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Guest v Guest & Guest [2019] EWHC 869 (Ch)

A claim based on proprietary estoppel for a share in a family business where a son worked for 30 years at a reduced wage.

This judgment deals with a son's claim, based on proprietary estoppel for a share in a farming business (land, ancillary cottages and linked farming partnerships). The claimant, Andrew, relied on working for 30 years on the farm at a reduced wage compared to the industry average for the skills he developed. He claimed that he did this in reliance on assurances that his father (David) had made and on which he said his father should not be able to renege. Much of the judgment (72 pages) involves a recital and analysis of the evidence called during the hearing. Practitioners who are preparing for a contested estoppel claim may benefit from reading the judge's analysis of the evidence. However, of more general interest to practitioners, the judge:

(a) reflects on the late disclosure and use of covert recordings made by the defendants and the difficulties and consequences that this can cause [¶111-122], [¶286];

(b) reviews the case law [including Thorner v Major [2009] UKHL 18; [2009] 1 WLR 776 Davies v Davies [2016] 2 P&CR 10] concerning proprietary estoppel [¶123-165], - and the practical problems presented, in particular:

(i)  the relationship between such an estoppel and potential claims under the Inheritance (Provision for Family and Dependants) Act 1975 [¶124-127]

(ii) the requirements necessary to establish the equity (representation, reliance and detriment suffered as a result of the reliance) [¶128-133]

(iii) the need to consider "the alleged assurance in the context of the relationship and dealings between the parties" [¶138] and the impact this has on the forensic process [¶139-141];

(iv) the relevance of the representor's passivity ("standing by") in cases where the claimant is alleging that he was to acquire something in the future as opposed to having already acquired an interest [¶140-141];

(v) the problem of changing expectations over time [¶142-143];

(vi) the practical necessity for pleadings for relief sought to be in the alternative [¶149];

(vii) how to calculate the relief to be granted to the claimant – the limits of relying on the value of the detriment, the impact of lost tax planning opportunities and other legal and moral obligations (such as here other siblings) [¶144-164];

and he then summarises the approach he is to adopt [¶165];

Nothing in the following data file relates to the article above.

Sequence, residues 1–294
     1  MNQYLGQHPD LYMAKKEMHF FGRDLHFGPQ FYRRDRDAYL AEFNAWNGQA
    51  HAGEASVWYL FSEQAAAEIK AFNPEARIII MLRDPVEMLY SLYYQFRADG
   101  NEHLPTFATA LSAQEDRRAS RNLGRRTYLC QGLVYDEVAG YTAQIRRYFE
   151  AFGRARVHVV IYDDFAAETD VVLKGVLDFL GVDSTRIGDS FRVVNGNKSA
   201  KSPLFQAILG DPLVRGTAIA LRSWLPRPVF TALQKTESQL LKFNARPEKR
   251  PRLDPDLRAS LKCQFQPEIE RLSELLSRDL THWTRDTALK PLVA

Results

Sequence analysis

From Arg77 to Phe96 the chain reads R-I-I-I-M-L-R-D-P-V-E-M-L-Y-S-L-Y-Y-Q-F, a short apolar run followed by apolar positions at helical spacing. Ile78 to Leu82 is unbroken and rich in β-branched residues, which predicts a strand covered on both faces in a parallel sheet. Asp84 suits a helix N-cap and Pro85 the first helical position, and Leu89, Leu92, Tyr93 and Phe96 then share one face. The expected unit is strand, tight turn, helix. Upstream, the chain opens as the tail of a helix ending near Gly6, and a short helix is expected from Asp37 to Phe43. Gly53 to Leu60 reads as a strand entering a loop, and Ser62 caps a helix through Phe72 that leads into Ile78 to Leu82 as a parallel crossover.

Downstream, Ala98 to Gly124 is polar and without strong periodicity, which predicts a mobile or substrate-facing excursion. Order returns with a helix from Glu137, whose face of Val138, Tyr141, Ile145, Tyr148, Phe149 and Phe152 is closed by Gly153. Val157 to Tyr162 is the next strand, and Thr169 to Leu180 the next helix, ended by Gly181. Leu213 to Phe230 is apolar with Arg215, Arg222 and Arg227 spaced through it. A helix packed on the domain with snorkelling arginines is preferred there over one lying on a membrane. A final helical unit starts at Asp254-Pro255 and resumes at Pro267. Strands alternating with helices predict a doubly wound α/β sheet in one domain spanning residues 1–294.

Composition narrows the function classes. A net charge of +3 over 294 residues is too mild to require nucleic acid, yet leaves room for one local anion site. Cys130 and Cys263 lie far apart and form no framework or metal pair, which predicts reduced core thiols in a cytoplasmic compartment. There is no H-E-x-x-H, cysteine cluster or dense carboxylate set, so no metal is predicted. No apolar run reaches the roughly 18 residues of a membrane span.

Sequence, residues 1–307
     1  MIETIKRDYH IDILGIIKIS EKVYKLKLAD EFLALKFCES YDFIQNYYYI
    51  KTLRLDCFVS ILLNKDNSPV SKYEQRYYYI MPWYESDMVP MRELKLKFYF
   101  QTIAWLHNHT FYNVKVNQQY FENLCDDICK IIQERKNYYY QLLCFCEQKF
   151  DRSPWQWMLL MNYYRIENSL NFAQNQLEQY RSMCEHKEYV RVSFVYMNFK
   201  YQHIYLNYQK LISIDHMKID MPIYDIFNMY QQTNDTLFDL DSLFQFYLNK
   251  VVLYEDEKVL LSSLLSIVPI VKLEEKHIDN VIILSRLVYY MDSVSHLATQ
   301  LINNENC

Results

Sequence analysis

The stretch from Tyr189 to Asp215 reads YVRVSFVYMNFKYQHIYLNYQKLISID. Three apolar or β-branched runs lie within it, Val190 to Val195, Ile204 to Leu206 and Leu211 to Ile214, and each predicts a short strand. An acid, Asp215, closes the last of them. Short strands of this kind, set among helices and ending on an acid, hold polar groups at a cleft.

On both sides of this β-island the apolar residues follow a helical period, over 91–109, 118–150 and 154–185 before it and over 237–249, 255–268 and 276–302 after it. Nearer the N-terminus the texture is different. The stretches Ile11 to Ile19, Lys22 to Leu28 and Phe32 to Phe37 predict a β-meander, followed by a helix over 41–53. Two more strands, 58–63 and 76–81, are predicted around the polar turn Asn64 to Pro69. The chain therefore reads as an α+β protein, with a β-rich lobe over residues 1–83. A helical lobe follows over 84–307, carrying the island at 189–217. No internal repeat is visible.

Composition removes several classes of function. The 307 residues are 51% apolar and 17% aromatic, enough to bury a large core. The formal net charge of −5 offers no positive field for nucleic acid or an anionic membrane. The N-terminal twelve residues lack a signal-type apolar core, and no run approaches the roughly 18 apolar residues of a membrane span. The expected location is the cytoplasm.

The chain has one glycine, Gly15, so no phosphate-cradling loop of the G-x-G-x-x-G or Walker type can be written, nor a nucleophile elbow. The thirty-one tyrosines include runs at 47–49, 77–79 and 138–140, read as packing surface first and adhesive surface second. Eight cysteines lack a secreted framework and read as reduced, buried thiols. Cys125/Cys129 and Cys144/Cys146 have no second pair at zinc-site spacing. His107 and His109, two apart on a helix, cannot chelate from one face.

(c)  comments as to one of the consequences of this legal analysis on the trial process:

"The fact-sensitive nature of a proprietary estoppel claim, particularly where the making of a clear assurance of a proprietary nature is contested, means that a sound assessment of the testimony is critical to its outcome" [¶166];

(d) draws attention to the fact it does not follow that it will be unconscionable to allow a defendant to resile from an assurance on which there has been detrimental reliance. The defendant relied on the fact that the parties had become involved in a farming partnership and this had been dissolved. [¶276] The judge nevertheless found that this claimant remained entitled to an equity in the farm and the farming business [¶281] as the partnership had come late in the chronology of events;

(e) explains how he has approached the issue of compensation when all parties remain alive and the subject matter is not just land but a business: [¶282-289]. He imposed a "clean-break" (the fact of the recordings showed the judge that the level of distrust meant a continuation of farming together was not possible). He calculated lump sums based on valuations of the business: 50% (after taxes) of the business and 40% (after taxes) of the value of the land to be valued as if subject to a "life-interest" in the farmhouse for the parents. The consequence was likely to be that the farm and business would probably have to be sold without the chance of tax planning.

As the judgment was handed down, the judge gave directions [¶291], for applications for permission to appeal and adjourned the date from which time for filing an application with the Court of Appeal would run in accordance with McDonald v Rose [2019] EWCA Civ 4, [21]

Summary by Nicholas O'Brien, barrister, Coram Chambers
Coram Chambers

You can read the full judgment of Guest v Guest & Guest [2019] EWHC 869 (Ch) on BAILII